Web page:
3. Jaimie says:

    Thank you.

    I want to leave it at that but let me explain: Thank you for implicitly telling me to not give up.

    You know, I don’t ever take plot notes like this. I figure if it’s worth remembering I’ll remember it, and so far that’s been true. (Yes I see it. No don’t correct me.)

    But this was fascinating.

    I appreciate your file naming system. Mine always get called “First” and “New” and “Scene.” It’s so helpful later on.

  4. 2cats4tea says:

    A great post all around, but your description of your google calendar is going to become a classic.

  5. Adam says:

    At first I thought the WbW effect might stand for the “White Bitch Witch Effect”. I’m an idiot.

  6. Ian Holmes says:

    I lived in Oxford for 2 years, a 20-minute walk away from Blenheim Palace. It was a great place for mind-expanding walks (which is all I’ll say in public). Oxford has a bunch of little copses around it that are great too (Bagley Wood, Wytham Wood, etc)

    However, as an English person who grew up in Cambridge and fled to the US, I’d have to sound a note of solidarity with your mom. English people spend far too much time criticizing, hating, and despairing of England to take this innocent Anglophilia lying down. WHY SHOULD YOU GET TO ENJOY IT WHEN WE CAN’T?

    I actually was a fellow in an Oxford college, and attended meetings of the Governing Body where 30 men and 1 woman sat in an oak-paneled hall around a large table, everyone dressed in black gowns, debating whether to increase the thirty-pound stipend of the college gardener, looked down upon by 50 more paintings of long-dead men in black gowns. Yes, I too loved living in Tolkien Town. Oxford is beautiful. But if you keep up the uncritical praise, I might just have to give you a taste of your own medicine by gushing in your blog comments about how America is the land of the free, cradle of democracy, home of innovation, last refuge of hope, shining beacon on the hill… and we’ll see how YOU like THAT.

    BTW, thanks very much for posting the draft of The Magicians; it is a fucking excellent book, and seeing this first version is super-cool. Kind of like seeing Douglas Adams’ first draft of “The Salmon of Doubt”, with the added advantages that (a) The Magicians is finished and (b) you aren’t dead.

  7. Trevor JP says:

    Thank you for posting the rough of The Magicians and making me laugh with the last phrase: “I can’t believe we can’t regrow hair yet.”

  8. Mark Crane says:

    Thank you for sharing that fragment of your rough initial outline. It gave me a little hope.

  9. Ah, Blennum. I took a trip to England in 2007. Driving back from Stratford and the Cotswolds to London, I literally drove right by the gates to Bleinheim Palace. I had vaguely considered visiting there (and wanted to stop in Oxford too) but didn’t have the time for it. So, I’m driving along and suddenly see the gates for Bleinheim. As I’m passing it, looking over my shoulder thinking, “Oh, That Place!” I apparently get caught by a traffic camera. So even though I never even visited, I received a lovely souvenir. Seriously; the speeding ticket said “Blenheim Palace.” Good story.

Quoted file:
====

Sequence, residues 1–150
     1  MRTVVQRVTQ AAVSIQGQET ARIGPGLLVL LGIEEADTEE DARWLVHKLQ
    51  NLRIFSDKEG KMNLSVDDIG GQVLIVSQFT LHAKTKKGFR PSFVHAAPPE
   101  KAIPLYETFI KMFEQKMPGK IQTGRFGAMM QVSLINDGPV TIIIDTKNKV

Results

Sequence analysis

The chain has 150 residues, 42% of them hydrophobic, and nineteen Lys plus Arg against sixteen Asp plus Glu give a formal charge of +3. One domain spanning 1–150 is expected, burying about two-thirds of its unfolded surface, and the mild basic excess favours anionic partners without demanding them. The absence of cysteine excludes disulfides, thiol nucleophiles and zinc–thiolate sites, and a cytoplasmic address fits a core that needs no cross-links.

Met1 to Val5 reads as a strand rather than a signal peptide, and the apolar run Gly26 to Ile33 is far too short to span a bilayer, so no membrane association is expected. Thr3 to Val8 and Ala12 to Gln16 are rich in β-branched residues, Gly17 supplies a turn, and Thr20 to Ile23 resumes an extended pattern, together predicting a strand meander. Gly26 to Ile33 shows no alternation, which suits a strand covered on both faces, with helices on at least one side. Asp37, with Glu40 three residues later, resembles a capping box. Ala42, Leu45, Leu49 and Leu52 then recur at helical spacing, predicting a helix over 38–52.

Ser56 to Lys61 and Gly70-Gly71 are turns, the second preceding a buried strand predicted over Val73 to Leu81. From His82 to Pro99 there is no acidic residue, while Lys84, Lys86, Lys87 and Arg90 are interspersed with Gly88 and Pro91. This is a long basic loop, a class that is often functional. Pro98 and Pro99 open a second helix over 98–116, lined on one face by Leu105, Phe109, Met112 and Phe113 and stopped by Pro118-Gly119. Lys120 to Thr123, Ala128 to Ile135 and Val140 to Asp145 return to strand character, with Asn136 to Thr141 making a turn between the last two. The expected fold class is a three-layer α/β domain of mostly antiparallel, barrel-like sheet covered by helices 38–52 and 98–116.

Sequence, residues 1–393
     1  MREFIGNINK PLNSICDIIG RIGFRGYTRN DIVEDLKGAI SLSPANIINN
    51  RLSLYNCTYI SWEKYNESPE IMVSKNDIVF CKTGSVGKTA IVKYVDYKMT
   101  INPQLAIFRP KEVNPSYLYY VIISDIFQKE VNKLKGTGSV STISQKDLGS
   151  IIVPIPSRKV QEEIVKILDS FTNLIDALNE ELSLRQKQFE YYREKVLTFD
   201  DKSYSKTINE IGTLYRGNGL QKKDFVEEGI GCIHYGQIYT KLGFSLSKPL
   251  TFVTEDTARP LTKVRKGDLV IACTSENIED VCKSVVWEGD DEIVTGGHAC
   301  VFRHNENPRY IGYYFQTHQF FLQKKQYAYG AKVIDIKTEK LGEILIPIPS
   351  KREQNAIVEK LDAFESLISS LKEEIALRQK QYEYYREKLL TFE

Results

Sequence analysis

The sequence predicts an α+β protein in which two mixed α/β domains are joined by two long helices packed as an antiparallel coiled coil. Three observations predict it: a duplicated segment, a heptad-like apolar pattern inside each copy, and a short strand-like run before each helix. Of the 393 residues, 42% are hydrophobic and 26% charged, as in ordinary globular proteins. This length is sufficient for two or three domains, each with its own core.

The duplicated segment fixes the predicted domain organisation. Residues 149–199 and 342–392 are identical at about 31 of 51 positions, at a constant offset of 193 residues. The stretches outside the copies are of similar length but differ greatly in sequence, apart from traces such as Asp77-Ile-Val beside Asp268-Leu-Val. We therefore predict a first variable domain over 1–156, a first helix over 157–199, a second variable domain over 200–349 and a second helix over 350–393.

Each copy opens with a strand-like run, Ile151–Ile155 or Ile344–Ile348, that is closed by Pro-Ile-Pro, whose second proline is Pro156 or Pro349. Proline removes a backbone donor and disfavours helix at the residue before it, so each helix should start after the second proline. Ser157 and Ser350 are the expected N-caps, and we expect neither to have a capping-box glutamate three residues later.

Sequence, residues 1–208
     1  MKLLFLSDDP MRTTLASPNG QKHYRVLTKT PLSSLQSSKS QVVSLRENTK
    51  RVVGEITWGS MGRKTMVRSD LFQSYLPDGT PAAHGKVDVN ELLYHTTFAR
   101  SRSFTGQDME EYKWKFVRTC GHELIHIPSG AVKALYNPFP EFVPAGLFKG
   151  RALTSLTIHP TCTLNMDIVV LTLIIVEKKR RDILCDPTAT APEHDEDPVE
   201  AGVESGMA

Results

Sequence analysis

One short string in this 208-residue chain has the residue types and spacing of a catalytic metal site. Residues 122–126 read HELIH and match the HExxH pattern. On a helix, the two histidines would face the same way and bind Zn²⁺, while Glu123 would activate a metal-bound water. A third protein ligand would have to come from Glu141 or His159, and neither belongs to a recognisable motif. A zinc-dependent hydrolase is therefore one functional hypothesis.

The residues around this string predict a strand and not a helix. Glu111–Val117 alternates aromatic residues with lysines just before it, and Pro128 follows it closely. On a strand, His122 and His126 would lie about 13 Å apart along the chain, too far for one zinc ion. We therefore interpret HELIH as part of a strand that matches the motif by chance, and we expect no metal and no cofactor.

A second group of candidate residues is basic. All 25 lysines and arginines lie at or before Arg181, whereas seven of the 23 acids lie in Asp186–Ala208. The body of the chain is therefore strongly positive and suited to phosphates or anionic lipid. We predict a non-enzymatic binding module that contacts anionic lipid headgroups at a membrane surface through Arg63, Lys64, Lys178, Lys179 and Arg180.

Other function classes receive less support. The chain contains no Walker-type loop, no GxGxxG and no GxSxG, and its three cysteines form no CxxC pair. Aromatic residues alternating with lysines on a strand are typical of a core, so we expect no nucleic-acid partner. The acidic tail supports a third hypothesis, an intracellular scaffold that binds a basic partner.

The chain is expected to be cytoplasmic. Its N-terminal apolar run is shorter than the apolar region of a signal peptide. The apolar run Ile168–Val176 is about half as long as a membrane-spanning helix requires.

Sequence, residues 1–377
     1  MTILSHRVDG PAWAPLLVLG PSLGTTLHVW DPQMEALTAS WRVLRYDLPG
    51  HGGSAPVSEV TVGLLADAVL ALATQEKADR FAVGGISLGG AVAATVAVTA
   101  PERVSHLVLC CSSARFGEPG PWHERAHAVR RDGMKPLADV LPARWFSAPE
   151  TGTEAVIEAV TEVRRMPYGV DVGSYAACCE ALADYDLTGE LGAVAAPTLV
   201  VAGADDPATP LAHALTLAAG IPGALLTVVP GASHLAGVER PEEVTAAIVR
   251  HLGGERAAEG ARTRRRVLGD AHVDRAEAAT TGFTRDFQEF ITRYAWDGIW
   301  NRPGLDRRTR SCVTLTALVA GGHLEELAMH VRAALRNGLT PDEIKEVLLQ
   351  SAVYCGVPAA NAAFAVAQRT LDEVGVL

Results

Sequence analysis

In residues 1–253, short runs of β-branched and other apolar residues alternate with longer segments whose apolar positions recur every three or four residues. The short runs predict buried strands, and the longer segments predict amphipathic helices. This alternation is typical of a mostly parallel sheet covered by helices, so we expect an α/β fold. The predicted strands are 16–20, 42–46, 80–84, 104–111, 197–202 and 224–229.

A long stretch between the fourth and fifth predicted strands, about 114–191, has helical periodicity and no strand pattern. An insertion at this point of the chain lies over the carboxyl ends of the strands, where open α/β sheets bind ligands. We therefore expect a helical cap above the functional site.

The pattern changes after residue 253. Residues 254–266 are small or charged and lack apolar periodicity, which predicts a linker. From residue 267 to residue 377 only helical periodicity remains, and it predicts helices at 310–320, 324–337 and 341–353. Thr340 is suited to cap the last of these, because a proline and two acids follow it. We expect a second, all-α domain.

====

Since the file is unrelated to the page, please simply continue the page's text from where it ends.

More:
Speaking of England… I just finished reading your lovely wife’s lovely book and really enjoyed it. I mean, it IS sorely lacking in Voltron and/or Quidditch references, but nevertheless was very engaging and engrossing. (Next up, your brother’s book. Go Team Grossman!)

    p.s. “vietnarnia” = awesome

  10. P. Aaron says:

    The brief ref to Niven’s ‘glass dagger’ is intriguing. Both it and Magicians deal with a question which is begged by any fantasy universe, namely, what is one left with when magic won’t solve your problems. But whereas Niven provides an optimistic answer (‘there’s always something close enough to magic to offer hope’), The Magicians and its sequel seem to offer a pessimistic response (‘there never was an answer, the magic was just a distraction’). I keep hoping you’ll come to some other conclusion in book 3, so I can look at 1 & 2 as the picaresque lead-up.

  11. Abby Lollar says:

    Oh, thank you for sharing this! Made my night!

  12. First off, I fly-fished an actual Superfund site on the banks of Lake Erie this last weekend and caught a nice steelhead, which is apropos of nothing but kinda interesting.

    Got to visit the Eagle and Child pub in Oxford in 2002 and had a drink of lukewarm Guiness in the very booth Tolkien and C.S. Lewis would occupy during their professorial days. Oxford is to high fantasy as Cape Canaveral is to space exploration.

    Looking forward to whatever Magicians 3 turns out to be. You are doing an excellent job.

    When you get a moment, I’d dig your thoughts on epub formats and specifically the temptation to simply steal whatever book we want off the torrent sites. You are uniquely positioned to write about this as a bestselling author and actual tech savant. How much money am I stealing from you if I download Magicians 3? (BTW I have paid full cover for both books and bought 2 in hardback).

    Thanks for all you do dude.


  13. Sarah says:

    Love this. I’m studying at Oxford this summer and I’m thrilled out of my skin to be an Anglophile for a bit. Also, your fiction scrawl is fantastic. All I want from this world is to write fantasy (what a noob 20-year-old I am). Your series has become really important to me. Sucks to identify with Alice, though.

  14. Bonnie Schranz says:

    What’s next?